On January 13, 1977, the union filed charges against the company with the National Labor Relations Board (NLRB), alleging that the dismissal and suspensions of the local officers constituted unfair labor practices under section 8 of the National Labor Relations Act, 29 U.S.C. § 158, in violation of rights guaranteed in section 7 of the Act, 29 U.S.C. § 157. On February 22nd, the NLRB filed a complaint against the company incorporating these allegations.
In early March 1977 the company promulgated six new work rules for employees at the Hot Springs plant.6 The union was given notice of these rules, but again refused to negotiate with the company without Mr. Russell being present as a representative. The company then placed the rules into effect on March 14. Clois Lishbrook, acting president of the local in the absence of Mr. Russell, told company representatives that she did not intend to comply with the new rules and stated that she did not think any of the other union employees should comply with them either.
Under procedures established by the company for enforcing its work rules, an employee was given a verbal warning following his first violation; a second violation resulted in a written warning. Following a third violation, the employee was informed that further violations would result in his being temporarily suspended.
Within four days after the new rules went into effect, 138 employees had been suspended for violating them. The union immediately filed grievances with respect to each of these suspensions. By this time, production at the plant had dropped to 30% of normal. In an effort to maintain an active work force, the company decided on March 18 to suspend further enforcement of the rules.7 Later that day, the company notified the union that it was willing to waive the intermediate steps of the grievance procedure and begin immediate arbitration on all the grievances theretofore filed by the union. The company also offered to continue suspending enforcement of the work rules pending resolution of these grievances through arbitration. When the union refused, the company sought relief in the district court.
The district court found that, by violating the work rules, union employees had engaged in concerted activity calculated to slow up and impede production at the plant, that this activity was precipitated by disputes then existing between the union and the company, that these disputes were arbitrable and, therefore, that these actions violated Articles XV and XXXIV of the collective-bargaining agreement. Accordingly, the court entered its order enjoining further union efforts to impede production at the plant and requiring the parties to submit their disputes to arbitration. The union responded by filing this appeal.
We are confronted at the outset with the union's contention that the instant case falls within the exclusive jurisdiction of the NLRB, thus depriving the district court of its power to issue an injunction. This argument is based on the preemption doctrine, announced in San Diego Trades Council v. Garmon, 359 U.S. 236, 79 S.Ct. 773, 3 L.Ed.2d 775 (1959), which teaches that "(w)hen an activity is arguably subject to § 7 or § 8 of the (National Labor Relations) Act, the States as well as the federal courts must defer to the exclusive competence of the National Labor Relations Board if the danger of state interference with national policy is to be averted." Id. at 245, 79 S.Ct. at 780.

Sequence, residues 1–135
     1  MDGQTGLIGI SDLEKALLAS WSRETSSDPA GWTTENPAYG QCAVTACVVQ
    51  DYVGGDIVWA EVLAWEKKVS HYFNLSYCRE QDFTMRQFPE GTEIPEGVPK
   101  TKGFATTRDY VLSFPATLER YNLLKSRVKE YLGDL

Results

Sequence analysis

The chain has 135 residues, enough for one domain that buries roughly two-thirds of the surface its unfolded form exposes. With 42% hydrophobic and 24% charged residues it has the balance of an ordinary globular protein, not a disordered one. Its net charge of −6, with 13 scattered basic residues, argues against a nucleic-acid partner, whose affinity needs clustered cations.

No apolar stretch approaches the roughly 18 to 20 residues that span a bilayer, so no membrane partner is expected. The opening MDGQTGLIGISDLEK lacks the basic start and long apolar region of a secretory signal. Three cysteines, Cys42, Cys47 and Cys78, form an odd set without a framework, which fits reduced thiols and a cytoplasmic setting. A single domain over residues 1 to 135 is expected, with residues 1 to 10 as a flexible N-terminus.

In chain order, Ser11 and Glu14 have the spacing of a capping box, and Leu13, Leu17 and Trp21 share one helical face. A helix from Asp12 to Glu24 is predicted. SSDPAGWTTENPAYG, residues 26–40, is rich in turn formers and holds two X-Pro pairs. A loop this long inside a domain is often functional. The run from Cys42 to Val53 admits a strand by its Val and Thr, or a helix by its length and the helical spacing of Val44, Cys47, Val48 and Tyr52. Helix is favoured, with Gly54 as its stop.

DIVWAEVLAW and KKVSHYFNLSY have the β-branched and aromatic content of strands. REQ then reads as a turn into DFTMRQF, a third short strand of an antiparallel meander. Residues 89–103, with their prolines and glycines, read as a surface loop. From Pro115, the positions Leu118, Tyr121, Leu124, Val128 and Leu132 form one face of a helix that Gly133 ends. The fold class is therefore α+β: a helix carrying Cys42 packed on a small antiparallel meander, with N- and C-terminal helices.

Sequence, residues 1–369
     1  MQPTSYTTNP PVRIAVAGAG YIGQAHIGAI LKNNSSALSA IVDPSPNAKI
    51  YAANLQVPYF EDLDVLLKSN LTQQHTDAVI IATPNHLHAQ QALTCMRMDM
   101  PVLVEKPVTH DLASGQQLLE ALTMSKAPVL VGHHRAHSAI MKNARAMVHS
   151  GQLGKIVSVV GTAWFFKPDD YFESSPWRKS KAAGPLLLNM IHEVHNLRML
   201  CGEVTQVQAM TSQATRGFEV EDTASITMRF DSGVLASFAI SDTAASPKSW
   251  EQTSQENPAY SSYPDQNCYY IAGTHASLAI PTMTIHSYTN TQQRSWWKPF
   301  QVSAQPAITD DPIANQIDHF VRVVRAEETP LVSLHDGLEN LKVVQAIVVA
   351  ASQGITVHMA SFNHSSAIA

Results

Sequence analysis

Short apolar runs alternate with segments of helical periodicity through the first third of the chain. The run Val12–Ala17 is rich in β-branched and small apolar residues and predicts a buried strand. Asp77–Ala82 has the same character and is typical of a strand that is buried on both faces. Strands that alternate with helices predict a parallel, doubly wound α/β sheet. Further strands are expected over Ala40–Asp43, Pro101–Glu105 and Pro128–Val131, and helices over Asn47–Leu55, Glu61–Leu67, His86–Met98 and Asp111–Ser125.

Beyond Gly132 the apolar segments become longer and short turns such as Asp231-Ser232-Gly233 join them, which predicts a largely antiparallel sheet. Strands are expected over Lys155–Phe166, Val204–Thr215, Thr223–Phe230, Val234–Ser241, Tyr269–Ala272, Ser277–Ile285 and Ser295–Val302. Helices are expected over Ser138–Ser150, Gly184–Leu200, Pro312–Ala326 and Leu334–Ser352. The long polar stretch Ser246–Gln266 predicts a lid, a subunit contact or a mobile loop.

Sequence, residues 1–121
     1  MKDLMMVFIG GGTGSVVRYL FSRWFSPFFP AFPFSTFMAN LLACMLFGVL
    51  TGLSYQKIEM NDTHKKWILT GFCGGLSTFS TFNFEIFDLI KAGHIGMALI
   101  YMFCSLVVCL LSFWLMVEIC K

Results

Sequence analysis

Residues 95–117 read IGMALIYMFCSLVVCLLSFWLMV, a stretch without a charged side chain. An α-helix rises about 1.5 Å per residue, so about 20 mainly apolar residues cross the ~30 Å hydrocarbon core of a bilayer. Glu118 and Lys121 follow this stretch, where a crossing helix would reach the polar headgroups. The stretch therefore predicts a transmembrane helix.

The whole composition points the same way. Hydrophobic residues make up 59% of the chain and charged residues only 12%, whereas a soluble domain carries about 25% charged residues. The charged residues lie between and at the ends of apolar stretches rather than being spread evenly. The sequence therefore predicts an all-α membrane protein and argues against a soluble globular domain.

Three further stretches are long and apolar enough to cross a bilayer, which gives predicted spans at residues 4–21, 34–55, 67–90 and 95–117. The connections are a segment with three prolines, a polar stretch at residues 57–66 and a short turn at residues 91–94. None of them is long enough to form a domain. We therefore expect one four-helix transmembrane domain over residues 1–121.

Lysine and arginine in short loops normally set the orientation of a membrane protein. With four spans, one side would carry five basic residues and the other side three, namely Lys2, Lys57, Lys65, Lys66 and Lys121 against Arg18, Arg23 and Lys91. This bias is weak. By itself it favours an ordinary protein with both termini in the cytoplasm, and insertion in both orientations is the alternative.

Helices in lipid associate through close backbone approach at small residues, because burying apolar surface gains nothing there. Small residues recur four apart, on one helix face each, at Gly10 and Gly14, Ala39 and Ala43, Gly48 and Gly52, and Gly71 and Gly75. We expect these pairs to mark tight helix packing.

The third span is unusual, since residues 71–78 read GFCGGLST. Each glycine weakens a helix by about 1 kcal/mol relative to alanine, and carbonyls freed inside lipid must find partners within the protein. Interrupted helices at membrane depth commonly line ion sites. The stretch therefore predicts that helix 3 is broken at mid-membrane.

The union asserts that the company's dismissal of Frankie Joe Russell, its subsequent refusal to meet with him, and its promulgation of the new work rules are unfair labor practices under § 8 of the National Labor Relations Act, 29 U.S.C. § 158. This may well be true, though the question is not before us.8 It does not follow, however, that such a conclusion would serve to divest the district court of jurisdiction in this case, which was brought to enforce the terms of a collective-bargaining agreement under § 301(a) of the LMRA, 29 U.S.C. § 185(a).9 It has long been recognized that, by its enactment of § 301, "Congress deliberately chose to leave the enforcement of collective agreements 'to the usual processes of the law.' " Charles Dowd Box Co., Inc. v. Courtney, 368 U.S. 502, 513, 82 S.Ct. 519, 526, 7 L.Ed.2d 483 (1962). Thus, in cases brought under § 301, the district court's jurisdiction is not curtailed even if the disputed activity also constitutes an unfair labor practice. Farmer v. United Brotherhood of Carpenters and Joiners of America, Local 25, 430 U.S. 290, 297 n. 8, 97 S.Ct. 1056, 51 L.Ed.2d 338 (1977); William E. Arnold Co. v. Carpenters District Council of Jacksonville, 417 U.S. 12, 16, 94 S.Ct. 2069, 40 L.Ed.2d 620 (1974).
Accordingly, we reject the union's claim that the NLRB has exclusive jurisdiction over the subject matter of this case.